It is peak season for South Africa’s deciduous fruit exports and the Cape Town Container Terminal has recorded a volume increase of 6% year on year despite inclement weather, shipping backlogs and a slow uptake of the truck booking system.
According to Wandisa Vazi, Managing Executive at the Cape Terminals “It’s certainly a challenging season considering an average loss of 39 days during this period annually owing to fog, wind and at times underwater currents but, the team goes above and beyond”. She added that downtime introduced by equipment maintenance and at times breakdowns – placed immense pressure on the system although there were many other contributing factors. Currently, the terminal is averaging 7 days in vessel delays.
“In working with our stakeholders, the terminal is maximising its network of 16 sea-cargo terminals across the Transnet Port Terminals (TPT) business and securing employees from the other terminals nationally on secondment. This will assist to speed up recovery as the move will result in deploying a seventh gang (operational team) in light of improved equipment availability,” said Vazi. Other initiatives the terminal was rolling out included the increased number of operational equipment on both the landside and waterside with reliability programs in place to sustain equipment performance. She added that the terminal was also collaborating with original equipment manufacturers for increased turnaround times of spares availability and maintenance, deploying engineering expertise from other terminals and Transnet operating divisions to prioritise equipment performance.
Between October and March every year, the Cape Town Container Terminal loads table grapes, berries, plums, apples, pears and peaches onto vessels destined for Europe, Africa, the Far and Middle East as well as the United States. With the season currently at its peak, the terminal is urging industry to capitalise on the underutilised night shift capacity for truck deliveries to keep the momentum. “The terminal is operational over a 24 – hour period for seven days a week while industry works 12 – 16 hours during five days of the week. This is a window to mitigate any arising challenges and an opportunity to further enhance integrated planning,” said Vazi.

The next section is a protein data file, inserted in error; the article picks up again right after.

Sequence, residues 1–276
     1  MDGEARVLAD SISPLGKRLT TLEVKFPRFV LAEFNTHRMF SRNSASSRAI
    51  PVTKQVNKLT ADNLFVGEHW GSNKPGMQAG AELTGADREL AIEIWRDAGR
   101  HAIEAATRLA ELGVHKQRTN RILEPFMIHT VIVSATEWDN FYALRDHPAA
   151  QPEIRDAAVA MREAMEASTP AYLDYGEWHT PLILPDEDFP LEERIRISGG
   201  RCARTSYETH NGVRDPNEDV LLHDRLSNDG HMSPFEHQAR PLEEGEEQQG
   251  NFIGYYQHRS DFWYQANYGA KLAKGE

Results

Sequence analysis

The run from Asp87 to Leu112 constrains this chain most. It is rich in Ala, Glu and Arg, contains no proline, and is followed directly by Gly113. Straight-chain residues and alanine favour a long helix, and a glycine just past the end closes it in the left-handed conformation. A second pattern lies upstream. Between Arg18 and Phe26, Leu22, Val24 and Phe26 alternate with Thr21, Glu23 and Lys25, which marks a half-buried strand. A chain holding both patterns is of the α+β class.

As at the end of January, the terminal had moved 18 296 refrigerated containers of deciduous fruits and continues to plan with and give feedback to customers through regular communication channels daily. With the terminal handling mainly panamax and post panamax vessels, consignments can go up to 3500 containers offloaded or loaded per vessel with an average of 120 gate transactions of trucks per hour.
“The impact wind has during this season especially now that we are in peak – cannot be undermined. We are currently handling over 1000 trucks from late yesterday and today’s bookings because the terminal was wind bound. Once the wind subsides, we review our planning by the hour to ensure a reduction of truck queues at the gate,” said Vazi.
According to Vazi, between April 2021 and January 2022, weather was the second biggest contributor (at 25%) to vessel cancellations and omissions after blank sailing (32%), which occurs when customers do not nominate a vessel for a respective window. Others include delays in West Africa, Far East, Europe and Schedule Recovery (21%), system disruptions (10%), delays along South African ports (8%) and actual operational delays at 3%.
However, during the same period – while berth occupancy has decreased by 12%, berthing delays have improved by 52%.
Source : Transnet Port Terminals